Mastering the Great Purge Trauma: Mythopoetic Strategies in Contemporary Russian Literature for the Young
Formerly reserved for adult, texts about traumatic events of the past have now entered the domain of children’s literature. Such texts “play the key role in the double-edged process of grieving and prevention” (A. Etkind) and are seen as essential for familiarizing Russian children and adolescents with social history. This article analyzes the ways of representing and mastering traumatic experiences of the past in contemporary literature an focuses on the period of the Great Purge in Russia, using the examples of E. Elchin’s Breaking Stalin’s Nose and Y. Yakovleva’s Raven’s Children. 1938. These narratives rely on the mythopoetic strategies of a parable as an ultimately artificial and supra-historical construction; at the same time, they utilize techniques used by literary non-fiction oriented towards ego-texts and documentary evidence. These strategies use real historical events as a trigger for associative memory in the manner characteristic of the aesthetics of post-memory.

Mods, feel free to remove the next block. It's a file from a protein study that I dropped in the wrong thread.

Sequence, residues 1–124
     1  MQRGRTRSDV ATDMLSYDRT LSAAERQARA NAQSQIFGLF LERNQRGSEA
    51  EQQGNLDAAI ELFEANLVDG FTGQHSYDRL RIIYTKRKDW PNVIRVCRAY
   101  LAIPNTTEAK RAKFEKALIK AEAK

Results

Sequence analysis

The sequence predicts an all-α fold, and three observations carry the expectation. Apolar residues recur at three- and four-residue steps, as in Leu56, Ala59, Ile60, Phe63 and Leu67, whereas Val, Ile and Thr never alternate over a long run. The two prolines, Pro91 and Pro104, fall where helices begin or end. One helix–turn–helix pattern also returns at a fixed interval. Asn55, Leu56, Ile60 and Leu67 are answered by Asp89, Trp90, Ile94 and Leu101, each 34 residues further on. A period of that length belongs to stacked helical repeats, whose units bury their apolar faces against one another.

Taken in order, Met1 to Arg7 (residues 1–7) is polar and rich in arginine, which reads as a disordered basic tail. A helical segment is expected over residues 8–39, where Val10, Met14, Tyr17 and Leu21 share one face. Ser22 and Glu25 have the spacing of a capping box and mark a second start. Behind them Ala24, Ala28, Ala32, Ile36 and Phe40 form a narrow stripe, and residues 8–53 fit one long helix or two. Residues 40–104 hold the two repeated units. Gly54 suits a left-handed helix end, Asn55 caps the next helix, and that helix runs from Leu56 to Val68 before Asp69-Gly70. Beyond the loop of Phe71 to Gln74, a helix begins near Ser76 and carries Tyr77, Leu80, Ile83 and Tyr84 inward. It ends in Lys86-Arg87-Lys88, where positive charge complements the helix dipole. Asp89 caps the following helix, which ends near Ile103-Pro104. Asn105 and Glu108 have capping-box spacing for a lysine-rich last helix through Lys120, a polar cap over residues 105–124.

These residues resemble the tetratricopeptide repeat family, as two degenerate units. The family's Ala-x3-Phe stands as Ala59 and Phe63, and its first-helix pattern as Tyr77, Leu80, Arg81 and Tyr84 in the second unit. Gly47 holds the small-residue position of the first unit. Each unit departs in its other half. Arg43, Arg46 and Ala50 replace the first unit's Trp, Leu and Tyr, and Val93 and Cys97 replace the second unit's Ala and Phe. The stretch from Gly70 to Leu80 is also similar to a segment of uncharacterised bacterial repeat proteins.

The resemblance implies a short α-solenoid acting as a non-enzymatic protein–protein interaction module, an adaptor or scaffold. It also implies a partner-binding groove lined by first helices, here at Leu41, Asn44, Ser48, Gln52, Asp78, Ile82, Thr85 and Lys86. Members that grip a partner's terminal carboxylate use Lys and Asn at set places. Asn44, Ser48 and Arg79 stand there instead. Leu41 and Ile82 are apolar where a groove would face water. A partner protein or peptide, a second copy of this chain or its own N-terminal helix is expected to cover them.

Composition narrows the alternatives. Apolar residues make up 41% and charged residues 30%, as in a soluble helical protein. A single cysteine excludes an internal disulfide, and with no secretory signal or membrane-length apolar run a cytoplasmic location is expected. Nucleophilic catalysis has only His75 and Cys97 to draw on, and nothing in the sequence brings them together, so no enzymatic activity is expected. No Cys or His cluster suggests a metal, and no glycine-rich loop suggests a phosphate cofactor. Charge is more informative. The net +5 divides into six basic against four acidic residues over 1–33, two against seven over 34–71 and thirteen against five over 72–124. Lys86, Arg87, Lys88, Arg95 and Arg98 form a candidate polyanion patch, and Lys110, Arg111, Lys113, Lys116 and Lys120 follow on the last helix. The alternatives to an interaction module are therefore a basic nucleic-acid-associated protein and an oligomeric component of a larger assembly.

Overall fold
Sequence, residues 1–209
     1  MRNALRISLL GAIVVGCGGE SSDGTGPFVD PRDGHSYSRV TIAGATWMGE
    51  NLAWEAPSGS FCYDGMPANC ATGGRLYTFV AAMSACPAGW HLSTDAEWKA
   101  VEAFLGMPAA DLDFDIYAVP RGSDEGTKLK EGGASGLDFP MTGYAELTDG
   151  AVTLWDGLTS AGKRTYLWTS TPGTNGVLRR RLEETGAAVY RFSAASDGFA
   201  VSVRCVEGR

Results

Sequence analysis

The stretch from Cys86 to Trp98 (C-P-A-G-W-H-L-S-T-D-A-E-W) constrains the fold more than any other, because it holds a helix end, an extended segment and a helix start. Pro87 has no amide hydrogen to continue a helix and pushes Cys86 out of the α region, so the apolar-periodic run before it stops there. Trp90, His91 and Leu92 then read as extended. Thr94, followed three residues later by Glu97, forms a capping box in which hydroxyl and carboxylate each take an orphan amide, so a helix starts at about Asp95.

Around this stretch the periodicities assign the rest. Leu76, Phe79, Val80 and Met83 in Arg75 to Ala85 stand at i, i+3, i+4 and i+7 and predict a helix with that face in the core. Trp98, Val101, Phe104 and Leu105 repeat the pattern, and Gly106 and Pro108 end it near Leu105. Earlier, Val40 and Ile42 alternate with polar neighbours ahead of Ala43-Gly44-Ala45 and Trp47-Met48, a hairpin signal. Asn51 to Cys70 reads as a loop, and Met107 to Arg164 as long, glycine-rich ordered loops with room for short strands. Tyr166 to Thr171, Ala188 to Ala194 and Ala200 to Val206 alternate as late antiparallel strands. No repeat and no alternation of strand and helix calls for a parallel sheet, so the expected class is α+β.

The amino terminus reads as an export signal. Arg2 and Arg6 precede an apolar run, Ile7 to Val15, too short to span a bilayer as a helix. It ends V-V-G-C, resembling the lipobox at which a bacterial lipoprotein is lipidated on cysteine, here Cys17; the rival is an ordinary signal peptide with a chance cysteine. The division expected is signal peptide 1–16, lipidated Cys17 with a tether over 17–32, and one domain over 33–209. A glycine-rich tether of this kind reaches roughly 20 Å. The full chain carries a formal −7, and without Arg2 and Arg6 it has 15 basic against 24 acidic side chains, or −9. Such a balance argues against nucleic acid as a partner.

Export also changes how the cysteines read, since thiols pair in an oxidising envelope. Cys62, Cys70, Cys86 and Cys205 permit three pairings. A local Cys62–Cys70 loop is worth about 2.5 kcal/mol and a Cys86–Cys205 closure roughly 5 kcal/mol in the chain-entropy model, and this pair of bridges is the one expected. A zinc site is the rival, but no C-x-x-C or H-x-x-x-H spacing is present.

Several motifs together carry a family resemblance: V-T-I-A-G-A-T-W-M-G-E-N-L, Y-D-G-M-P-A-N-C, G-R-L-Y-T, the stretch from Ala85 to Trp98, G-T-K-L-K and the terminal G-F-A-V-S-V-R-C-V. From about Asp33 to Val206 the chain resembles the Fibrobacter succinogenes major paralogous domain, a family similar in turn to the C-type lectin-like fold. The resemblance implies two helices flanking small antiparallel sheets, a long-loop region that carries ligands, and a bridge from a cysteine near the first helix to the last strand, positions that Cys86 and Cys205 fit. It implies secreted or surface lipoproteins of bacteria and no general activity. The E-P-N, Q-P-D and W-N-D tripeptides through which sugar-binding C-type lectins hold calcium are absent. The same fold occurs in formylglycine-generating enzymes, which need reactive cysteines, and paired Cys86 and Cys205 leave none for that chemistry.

Keywords: historical trauma, fiction of the Great Purge, historical fiction for children and young adult (YA), mythopoetic textual strategy, E.Elchin, Y. Yakovleva
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